Music for Passiontide & Easter

Started by Que, April 09, 2011, 12:44:50 AM

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DavidW

I'll probably listen to Bach's Easter Oratorio, not sure which recording yet.

Florestan

"Art is no excuse for boring people." - Jules Renard

Pohjolas Daughter

Quote from: pjme on April 01, 2021, 01:27:43 PM
Ehhh...which work do you mean exactly?
Oh, sorry lol!  I had meant Penderecki's Passio Secundum Lucam.  :)

PD

pjme

#123
Afaik, this is the fist commercial recording & it is still very impressive.

https://www.youtube.com/v/bIaGM8xvf10

Krzysztof Penderecki (1933 - 2020)

Passio et Mors Domini Nostri Iesu Christi secundum Lucam
(1965)

Stefania Woytowicz - soprán / soprano
Andrzej Hiolski - baryton / baritone
Bernard Ładysz - bas / basso
Leszek Herdegen - recitace / recitation
Chlapecký a Smíšený sbor Krakowské filharmonie 
Boys and Mixed Choir of Krakow Philharmonic
sbormistři / choirmasters Janusz Przybyski a Józef Suwara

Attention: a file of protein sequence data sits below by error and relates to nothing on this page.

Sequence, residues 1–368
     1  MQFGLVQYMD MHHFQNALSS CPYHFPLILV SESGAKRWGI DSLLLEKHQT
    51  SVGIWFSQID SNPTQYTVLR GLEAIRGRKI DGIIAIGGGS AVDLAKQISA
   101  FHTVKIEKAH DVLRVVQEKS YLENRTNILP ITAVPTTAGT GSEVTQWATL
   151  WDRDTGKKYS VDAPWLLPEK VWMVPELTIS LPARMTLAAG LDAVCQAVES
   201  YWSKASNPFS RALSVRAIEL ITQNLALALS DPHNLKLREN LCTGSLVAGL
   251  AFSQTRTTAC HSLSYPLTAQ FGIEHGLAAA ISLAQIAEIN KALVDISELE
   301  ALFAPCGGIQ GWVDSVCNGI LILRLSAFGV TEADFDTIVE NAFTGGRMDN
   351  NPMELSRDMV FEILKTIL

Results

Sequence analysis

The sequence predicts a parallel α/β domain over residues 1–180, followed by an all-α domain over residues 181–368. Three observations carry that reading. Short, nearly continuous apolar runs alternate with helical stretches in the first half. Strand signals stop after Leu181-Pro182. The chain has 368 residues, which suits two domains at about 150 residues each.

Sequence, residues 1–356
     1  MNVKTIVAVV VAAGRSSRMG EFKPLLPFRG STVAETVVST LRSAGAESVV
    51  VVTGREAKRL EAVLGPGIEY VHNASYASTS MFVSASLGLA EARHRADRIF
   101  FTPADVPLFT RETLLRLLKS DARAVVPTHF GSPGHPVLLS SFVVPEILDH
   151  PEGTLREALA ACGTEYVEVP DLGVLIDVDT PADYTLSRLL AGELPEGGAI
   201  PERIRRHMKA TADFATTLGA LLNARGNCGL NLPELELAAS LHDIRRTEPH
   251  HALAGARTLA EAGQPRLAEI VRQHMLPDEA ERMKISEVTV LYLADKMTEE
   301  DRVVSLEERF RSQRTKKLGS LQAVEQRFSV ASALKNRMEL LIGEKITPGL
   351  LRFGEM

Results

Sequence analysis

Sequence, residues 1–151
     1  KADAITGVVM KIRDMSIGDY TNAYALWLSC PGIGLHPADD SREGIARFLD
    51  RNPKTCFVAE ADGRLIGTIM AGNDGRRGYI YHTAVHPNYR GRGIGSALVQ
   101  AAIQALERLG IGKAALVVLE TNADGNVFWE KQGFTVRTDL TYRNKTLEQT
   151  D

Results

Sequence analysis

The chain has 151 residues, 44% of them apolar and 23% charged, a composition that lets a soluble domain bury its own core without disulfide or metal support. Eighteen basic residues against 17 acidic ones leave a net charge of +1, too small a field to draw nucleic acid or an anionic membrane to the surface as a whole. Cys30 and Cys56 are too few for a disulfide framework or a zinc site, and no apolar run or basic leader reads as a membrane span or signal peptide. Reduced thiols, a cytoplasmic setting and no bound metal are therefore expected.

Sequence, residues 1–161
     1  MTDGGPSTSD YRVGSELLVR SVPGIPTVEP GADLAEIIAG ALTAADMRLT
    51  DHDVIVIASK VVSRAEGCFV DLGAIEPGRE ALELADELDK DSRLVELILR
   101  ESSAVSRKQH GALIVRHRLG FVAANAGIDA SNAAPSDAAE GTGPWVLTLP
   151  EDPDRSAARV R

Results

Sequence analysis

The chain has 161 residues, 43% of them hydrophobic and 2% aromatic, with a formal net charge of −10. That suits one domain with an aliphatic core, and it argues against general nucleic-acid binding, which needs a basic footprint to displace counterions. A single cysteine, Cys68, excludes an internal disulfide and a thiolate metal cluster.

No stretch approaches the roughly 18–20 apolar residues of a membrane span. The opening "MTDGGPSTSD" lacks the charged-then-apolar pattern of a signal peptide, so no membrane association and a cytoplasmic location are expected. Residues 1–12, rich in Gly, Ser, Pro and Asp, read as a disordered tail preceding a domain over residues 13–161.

Orchestr Krakowské filharmonie
Orchestra of Krakow Philharmonic
řídí / conducting Henryk Czyż[/flash]


Pohjolas Daughter

Quote from: pjme on April 02, 2021, 03:14:58 AM
Afaik, this is the fist commercial recording & it is still very impressive.

https://www.youtube.com/v/bIaGM8xvf10

Krzysztof Penderecki (1933 - 2020)

Passio et Mors Domini Nostri Iesu Christi secundum Lucam
(1965)

Stefania Woytowicz - soprán / soprano
Andrzej Hiolski - baryton / baritone
Bernard Ładysz - bas / basso
Leszek Herdegen - recitace / recitation
Chlapecký a Smíšený sbor Krakowské filharmonie 
Boys and Mixed Choir of Krakow Philharmonic
sbormistři / choirmasters Janusz Przybyski a Józef Suwara
Orchestr Krakowské filharmonie
Orchestra of Krakow Philharmonic
řídí / conducting Henryk Czyż[/flash]
Thank you! Will add that to today's play list.  :)

PD

aligreto

JS Bach: St. Matthew Passion [Leppard]





This performance would not necessarily be a top recommendation. It is of its time and would be typical of Leppard [for those who know his interpretations]. However, I enjoy it [as I do Leppard presentations]. Leppard basically provides the requisite forward momentum and rhythmic integrity for a good JSB interpretation. The solo female vocals can tend towards the operatic at times but not excessively so but the male vocalists are robust and are sympathetic to the music. The choral singing is robust and also quite sensitive to the spirit of the music. I also like the presentation of the woodwinds in this performance.
It is better to remain silent and be thought a fool than to speak and leave no doubt.

aligreto

Poulenc Stabat Mater from the Poulenc big box.